On July 1, 2013, a tornado obliterated a soccer dome in East Windsor, Connecticut, where 29 children had been playing. Seconds before the tornado struck, a cell phone alert prompted the camp manager to rush the children out of the dome and into an adjacent building, preventing injuries and a possible loss of life.
The warning came from National Weather Service’s newly implemented Wireless Emergency Alerts system, which sends 90-character emergency messages to the cell phones of those in the path of an approaching hazard.
This fast and geographically targeted system, developed by Robert Bunge, Michael Gerber, Mark Paese and Gregory Zwicker of the Wireless Emergency Alerts Team, has transmitted more than 15,000 warnings since 2012 for the most dangerous types of weather—such as tornados, flash floods and hurricanes—to the cell phones of millions of people across the United States.
“Citizens can now take immediate action when they receive an alert, saving lives and preventing injury,” said Deirdre Jones, acting director of operational systems at the National Weather Service.
While other weather alert systems have been in operation, the new system of using mobile devices and targeting very precise geographic areas is a significant breakthrough. It involved leveraging the Federal Emergency Management Agency’s (FEMA) Integrated Public Alert and Warning System as well as coordinating with the Federal Communications Commission and wireless telecommunication providers, and required changes in the weather service’s internal operations.
The team built out the sophisticated technology, protocols and infrastructure needed to extract and transmit the alerts from the weather service’s highly complex warning system. They facilitated the decision-making for the weather alerts to be transmitted, and they oversaw extensive public awareness and educational initiatives to ensure the success of the program.
Bunge led the technical team, overseeing the software development, the data specialists, the coding, the host servers and other information technology needs, and helped create a system that ensures the cell phone alerts go to specific geographic locations. “Bob came into the weather service with the idea of communicating weather information using newer technologies. This is his crowning achievement,” said Jones.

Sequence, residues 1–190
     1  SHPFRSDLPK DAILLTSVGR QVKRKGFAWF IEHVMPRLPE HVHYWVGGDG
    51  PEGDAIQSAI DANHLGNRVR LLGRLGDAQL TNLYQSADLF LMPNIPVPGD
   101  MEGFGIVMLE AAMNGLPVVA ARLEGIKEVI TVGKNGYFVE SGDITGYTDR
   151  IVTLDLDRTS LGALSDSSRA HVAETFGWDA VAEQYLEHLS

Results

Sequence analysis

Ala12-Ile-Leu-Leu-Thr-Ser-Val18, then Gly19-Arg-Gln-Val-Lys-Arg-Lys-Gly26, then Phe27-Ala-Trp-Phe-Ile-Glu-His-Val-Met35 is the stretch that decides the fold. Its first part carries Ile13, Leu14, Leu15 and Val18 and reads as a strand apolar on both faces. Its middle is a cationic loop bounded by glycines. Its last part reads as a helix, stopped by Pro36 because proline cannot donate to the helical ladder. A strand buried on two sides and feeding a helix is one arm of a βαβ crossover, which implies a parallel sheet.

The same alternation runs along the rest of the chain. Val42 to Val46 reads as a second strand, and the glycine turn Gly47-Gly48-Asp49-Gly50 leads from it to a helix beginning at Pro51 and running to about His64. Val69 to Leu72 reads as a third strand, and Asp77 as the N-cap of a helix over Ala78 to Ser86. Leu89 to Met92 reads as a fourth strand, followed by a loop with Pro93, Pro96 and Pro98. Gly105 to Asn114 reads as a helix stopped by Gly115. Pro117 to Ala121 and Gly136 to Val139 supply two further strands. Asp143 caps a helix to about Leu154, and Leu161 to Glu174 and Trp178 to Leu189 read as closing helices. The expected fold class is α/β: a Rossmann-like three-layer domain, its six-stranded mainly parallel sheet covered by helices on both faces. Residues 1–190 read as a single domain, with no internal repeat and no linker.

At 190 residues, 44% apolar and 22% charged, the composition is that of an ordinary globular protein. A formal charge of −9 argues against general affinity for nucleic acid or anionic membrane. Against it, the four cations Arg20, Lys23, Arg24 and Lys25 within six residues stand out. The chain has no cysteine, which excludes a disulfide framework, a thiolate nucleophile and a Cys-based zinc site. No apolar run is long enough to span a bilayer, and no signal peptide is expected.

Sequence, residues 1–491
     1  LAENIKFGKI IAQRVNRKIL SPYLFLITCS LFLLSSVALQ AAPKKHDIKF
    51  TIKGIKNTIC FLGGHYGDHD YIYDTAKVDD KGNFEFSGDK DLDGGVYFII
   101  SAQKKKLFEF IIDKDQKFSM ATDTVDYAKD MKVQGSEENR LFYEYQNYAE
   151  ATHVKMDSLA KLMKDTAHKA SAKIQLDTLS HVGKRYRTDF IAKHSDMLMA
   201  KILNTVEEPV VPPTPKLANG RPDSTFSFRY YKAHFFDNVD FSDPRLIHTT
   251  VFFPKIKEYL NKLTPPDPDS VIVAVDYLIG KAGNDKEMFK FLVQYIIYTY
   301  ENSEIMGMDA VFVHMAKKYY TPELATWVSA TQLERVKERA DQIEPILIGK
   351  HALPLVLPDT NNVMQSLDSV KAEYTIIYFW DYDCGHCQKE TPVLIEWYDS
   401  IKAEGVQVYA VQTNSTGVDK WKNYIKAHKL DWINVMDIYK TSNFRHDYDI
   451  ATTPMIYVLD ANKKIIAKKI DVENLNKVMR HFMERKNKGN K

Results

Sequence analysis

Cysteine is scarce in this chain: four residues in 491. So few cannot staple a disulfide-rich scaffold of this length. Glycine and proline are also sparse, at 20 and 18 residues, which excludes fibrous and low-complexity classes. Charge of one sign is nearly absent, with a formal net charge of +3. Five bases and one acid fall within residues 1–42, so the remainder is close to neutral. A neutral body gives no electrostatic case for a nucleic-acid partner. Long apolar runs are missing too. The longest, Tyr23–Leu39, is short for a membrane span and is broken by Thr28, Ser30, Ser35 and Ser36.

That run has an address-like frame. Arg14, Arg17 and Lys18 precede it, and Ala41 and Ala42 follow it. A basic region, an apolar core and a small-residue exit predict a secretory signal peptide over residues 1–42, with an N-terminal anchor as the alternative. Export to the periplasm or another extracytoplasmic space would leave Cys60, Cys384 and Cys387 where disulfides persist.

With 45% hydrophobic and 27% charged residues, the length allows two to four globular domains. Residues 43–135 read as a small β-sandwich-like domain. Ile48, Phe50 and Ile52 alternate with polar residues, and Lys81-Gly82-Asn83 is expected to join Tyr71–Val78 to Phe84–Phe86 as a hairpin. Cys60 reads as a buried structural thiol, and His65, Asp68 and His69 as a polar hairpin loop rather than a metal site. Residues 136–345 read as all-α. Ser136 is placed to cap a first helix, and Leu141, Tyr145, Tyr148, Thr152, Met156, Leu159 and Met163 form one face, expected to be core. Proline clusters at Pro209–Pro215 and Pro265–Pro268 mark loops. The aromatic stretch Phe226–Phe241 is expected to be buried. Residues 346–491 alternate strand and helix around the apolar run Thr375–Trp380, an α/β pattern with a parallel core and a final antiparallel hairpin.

Gerber is a meteorologist and a specialist in how information is disseminated. He played a critical role in making sure the right kind of weather alerts would be available and properly transmitted, and is credited with persuading wireless carriers to make the needed investments that improved geographical targeting.
Paese was instrumental in conceptualizing a commercial mobile alert service which ultimately evolved into the new system, and he handled many of the complicated management issues. Zwicker also was involved with project management as well as the testing and documentation necessary to keep the project going.
Besides the fortuitous warning in Connecticut in 2013, the alert system has proved its worth in many other instances.
In November of 2013, for example, a tornado struck Washington, Illinois, where Daniel Bennett was officiating Sunday services at his church with 600 to 700 people. According to an Associated Press account, Bennett heard the first of two dozen electronic warning tones—text messages from the cell phone alert system—cautioning that a twister was in the area. Bennett stopped the services, ushered everyone to a safe place until the threat passed, and later told the wire service that there was little doubt the warnings helped minimize deaths and injuries throughout the Illinois community.
Under processes and systems that had previously been in place, emergency alerts were more manually intensive and often required information sent by email. Older systems lacked an automated way for specific warning information to target areas of the country using cellular providers.
“There was a car alarm syndrome where people were alerted so much that they stopped paying attention because of the irrelevance of the alert,” said Damon Penn, FEMA’s assistant administrator for national continuity programs.
The new wireless alert system structures the information into concise messages and uses geo-targeted data to broadcast those messages over cell phones only in the affected areas. And it all happens quickly.
“This is an extremely powerful public service,” said Andrew Stern, the acting director of the Office of Climate, Water and Weather Services.
Bunge said it took a number of years to get the system up and running, and the team had to overcome a number of technical and administrative obstacles. “But we saw the value and the potential impact it would have in saving lives,” said Bunge. “It was a challenge, but it has been rewarding.”